NEW YORK CITY—Executives with Dell Technologies are looking to leverage the full scope of the company’s wide-ranging product portfolio to push an aggressive strategy for the internet of things.
In a media event here Oct. 10, CEO Michael Dell and other officials unveiled a program that includes the creation of a new internet of things (IoT) division within the company as well as a plan to invest $1 billion over the next three years in developing new IoT products and services, investing in IoT technology companies, expanding its development labs and technology partner program with a complementary technology ecosystem.
The initiative involves not only taking advantage of the deep infrastructure capabilities developed over the past several decades by Dell and EMC, but also initiating new software development projects that touch on everything from data analytics and security to management.
It also is aimed at moving the IoT beyond its initial phase, which focused more on network connectivity, into the next era which will leverage emerging technologies such as artificial intelligence (AI), machine learning and data analytics. The goal will be to rapidly move these technologies into hardware and software to efficiently derive useful information and enable IoT systems to more quickly act on that information.
The data generated by all these connected systems—and the ability to quickly analyze, parse, apply intelligence to and react the data—is what will be key to the IoT going forward, Dell told the industry analysts and journalists at the event.
“The potential of the internet of things and artificial intelligence is when they come together as one interdependent ecosystem from the edge to the core to the cloud,” he said
The IoT is expected to grow rapidly, with Dell officials noting a report from McKinsey and Co. that says that by 2020 there will be 30 billion connected devices worldwide—from wearables to self-driving cars to manufacturing systems, smart cities, industrial robots and hospital equipment. And that number is only projected to grow into the future.
The amount of data also will continue to skyrocket and Dell executives said businesses are looking for vendors that have the capabilities to help them find their way in an immature IoT environment that is complex and fragmented.
Company executives argued that Dell is the only vendor that has the broad product portfolio from its many companies—including VMware, RSA, Pivotal and Virtustream—as well as the development capabilities and extensive partnerships to create a comprehensive platform.
Dell already offerings a range of products and services for the IoT, including Edge Gateways to bring compute and analytics to the network edge and closer to the connected devices, which are secured and managed by VMware’s Pulse IoT Control Center.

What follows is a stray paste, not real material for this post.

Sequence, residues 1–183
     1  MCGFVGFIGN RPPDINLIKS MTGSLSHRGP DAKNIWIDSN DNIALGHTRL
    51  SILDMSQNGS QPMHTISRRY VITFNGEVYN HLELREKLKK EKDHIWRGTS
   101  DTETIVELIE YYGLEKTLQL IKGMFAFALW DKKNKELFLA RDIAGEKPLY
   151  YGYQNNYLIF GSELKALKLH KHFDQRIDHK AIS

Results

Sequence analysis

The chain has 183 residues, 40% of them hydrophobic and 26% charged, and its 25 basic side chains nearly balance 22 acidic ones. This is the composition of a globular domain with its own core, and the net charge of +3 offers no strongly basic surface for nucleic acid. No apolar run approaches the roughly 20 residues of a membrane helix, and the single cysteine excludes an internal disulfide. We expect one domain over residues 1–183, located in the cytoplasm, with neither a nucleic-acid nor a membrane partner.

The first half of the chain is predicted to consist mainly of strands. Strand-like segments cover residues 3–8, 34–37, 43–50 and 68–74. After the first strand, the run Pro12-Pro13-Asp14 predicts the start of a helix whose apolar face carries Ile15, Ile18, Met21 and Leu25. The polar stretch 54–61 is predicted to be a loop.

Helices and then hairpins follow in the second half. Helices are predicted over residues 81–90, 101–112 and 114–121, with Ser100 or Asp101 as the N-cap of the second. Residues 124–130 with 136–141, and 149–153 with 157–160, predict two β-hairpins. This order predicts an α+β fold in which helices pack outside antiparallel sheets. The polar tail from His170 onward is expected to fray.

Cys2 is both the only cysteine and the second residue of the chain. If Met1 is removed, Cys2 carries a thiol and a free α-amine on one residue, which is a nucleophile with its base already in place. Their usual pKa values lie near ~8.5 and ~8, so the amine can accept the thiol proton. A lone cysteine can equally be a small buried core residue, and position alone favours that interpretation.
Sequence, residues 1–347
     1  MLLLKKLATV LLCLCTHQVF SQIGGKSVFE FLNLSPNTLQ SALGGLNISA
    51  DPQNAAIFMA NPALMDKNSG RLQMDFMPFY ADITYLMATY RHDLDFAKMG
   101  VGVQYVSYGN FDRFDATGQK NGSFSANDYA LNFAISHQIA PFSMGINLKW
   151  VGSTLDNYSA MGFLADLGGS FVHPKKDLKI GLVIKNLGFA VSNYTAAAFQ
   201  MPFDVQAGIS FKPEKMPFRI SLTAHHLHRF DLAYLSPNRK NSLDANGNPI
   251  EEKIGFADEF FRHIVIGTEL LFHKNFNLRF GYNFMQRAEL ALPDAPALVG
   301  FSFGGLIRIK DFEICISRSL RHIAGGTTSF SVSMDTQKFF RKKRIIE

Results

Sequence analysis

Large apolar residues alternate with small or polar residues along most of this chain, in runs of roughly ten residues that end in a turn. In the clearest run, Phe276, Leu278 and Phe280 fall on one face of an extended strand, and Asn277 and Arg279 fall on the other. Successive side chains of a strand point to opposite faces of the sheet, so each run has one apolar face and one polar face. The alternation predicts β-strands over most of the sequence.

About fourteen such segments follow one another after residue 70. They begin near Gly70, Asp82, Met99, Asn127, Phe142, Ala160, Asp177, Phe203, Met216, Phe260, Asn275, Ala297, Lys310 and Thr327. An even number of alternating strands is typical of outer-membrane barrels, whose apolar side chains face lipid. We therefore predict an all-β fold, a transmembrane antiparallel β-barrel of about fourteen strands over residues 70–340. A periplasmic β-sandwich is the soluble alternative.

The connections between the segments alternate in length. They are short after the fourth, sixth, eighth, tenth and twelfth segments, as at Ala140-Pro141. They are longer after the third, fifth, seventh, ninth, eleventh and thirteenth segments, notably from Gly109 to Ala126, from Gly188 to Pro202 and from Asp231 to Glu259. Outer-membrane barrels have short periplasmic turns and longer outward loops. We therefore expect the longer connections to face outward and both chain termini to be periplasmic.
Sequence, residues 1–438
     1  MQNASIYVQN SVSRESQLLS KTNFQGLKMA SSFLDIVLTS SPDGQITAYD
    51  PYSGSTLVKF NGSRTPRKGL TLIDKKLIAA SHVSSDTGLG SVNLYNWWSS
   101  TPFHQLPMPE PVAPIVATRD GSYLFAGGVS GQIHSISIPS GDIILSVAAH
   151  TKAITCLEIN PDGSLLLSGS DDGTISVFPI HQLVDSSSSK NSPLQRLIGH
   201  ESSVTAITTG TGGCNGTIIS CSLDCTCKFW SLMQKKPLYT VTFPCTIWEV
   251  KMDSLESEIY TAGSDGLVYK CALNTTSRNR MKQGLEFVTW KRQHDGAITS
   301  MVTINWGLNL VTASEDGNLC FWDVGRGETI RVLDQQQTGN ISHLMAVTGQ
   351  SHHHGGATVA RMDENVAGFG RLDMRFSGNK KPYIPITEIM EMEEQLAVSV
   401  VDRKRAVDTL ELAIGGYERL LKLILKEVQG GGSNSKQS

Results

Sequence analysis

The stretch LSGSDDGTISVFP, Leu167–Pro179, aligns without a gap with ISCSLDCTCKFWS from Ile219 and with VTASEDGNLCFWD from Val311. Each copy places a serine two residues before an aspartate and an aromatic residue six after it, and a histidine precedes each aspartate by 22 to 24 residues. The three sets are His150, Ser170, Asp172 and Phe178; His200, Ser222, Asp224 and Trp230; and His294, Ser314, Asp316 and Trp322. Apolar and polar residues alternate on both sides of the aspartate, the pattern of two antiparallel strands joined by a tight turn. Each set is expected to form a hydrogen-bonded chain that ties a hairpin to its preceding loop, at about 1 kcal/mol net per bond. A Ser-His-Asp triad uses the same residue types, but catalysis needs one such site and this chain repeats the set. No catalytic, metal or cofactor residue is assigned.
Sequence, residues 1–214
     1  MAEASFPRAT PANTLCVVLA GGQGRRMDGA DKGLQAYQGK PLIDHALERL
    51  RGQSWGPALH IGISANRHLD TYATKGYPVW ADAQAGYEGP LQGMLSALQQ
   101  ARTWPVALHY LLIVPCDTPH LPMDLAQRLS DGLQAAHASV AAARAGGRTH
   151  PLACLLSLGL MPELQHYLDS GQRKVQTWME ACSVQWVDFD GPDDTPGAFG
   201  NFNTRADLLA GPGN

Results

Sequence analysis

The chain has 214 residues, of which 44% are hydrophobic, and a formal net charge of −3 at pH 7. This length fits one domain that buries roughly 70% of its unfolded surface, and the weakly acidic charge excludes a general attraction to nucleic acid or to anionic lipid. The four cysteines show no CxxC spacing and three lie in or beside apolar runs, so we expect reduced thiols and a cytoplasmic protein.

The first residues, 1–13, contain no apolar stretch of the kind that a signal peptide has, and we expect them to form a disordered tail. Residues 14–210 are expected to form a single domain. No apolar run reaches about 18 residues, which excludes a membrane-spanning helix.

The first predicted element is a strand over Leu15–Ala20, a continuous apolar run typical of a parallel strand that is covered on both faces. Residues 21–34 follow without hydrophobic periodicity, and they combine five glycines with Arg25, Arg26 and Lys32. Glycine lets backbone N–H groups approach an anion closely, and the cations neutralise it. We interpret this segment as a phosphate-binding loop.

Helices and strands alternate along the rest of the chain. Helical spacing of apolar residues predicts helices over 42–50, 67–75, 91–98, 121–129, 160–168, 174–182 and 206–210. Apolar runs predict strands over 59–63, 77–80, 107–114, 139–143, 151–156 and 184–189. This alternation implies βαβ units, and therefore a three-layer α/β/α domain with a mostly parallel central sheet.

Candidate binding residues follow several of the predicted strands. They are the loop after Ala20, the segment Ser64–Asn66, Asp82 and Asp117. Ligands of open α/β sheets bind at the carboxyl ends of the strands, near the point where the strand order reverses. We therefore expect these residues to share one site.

Now the company is aiming at what officials are calling the IoT distributed core. The industry over the past 50 years has swung from centralized computer architectures based on mainframes to distributed client/server systems and now back to centralized compute resources.
With the IoT, the pendulum is swinging back to distributed environments. With all the data being generated by these devices, sensors and systems along with the demand to reduce costs and latency there is a need is to bring the infrastructure, analytics, security, AI and machine learning out to the network edge. Because that’s where the data can be processed in real time, analyzed and acted upon rather than sent back to the cloud or to a central data center.
The new IoT Division will be led by VMware Executive Vice President and CTO Ray O’Farrell. He will be responsible for developing IoT products and services as well as combining the Dell-developed systems with those of partners.
Those Dell products include the PowerEdge C-Series servers that contain support for batch training and machine learning for the distributed core. Others such as Isilon and Elastic Cloud Storage, Pivotal Cloud Foundry and Pivotal Container Service support cloud-based analytics applications.
Dell officials also unveiled several IoT-related software projects that are underway. Nautilus is aimed at enabling the real-time gathering and querying of data streams from IoT gateways. Meanwhile Fire is a hyperconverged platform that is part of the VMware Pulse lineup that will offer simplified management and local compute, storage and IoT applications such as real-time analytics. RSA Labs is developing Iris, which is a system aimed at bringing security to the edge. Worldwide Herd focuses on running analytics on dispersed data sets.
In addition, the company is investing in smaller companies, including FogHorn Systems, which is bringing analytics, AI and machine learning to the edge, ZingBox, which provides machine learning-based security at the edge and GraphCore and Edico Genome, which leverage machine learning and AI in new processor technologies.
Dell officials said the breadth and scale of the company since buying EMC last year for more than $60 billion and the fact that it is a private company that can more easily make investments in such forward-looking technologies is an advantage Dell has over such rivals as Hewlett Packard Enterprise and IBM. Charles King, principal analyst with Pund-IT, told eWEEK that Dell is playing to its strengths with the IoT strategy.
“They’ve got a really great story on IoT that captures the essence of what a lot of other [competitors are saying], but they’ve put a spin on it that is decidedly focused on Dell’s own expectations and portfolio,” King said. Unlike HPE or IBM, Dell still has a strong endpoint business. “It’s hard to make an IoT play without some kind of endpoint. Dell is in a good position to do that,” King said.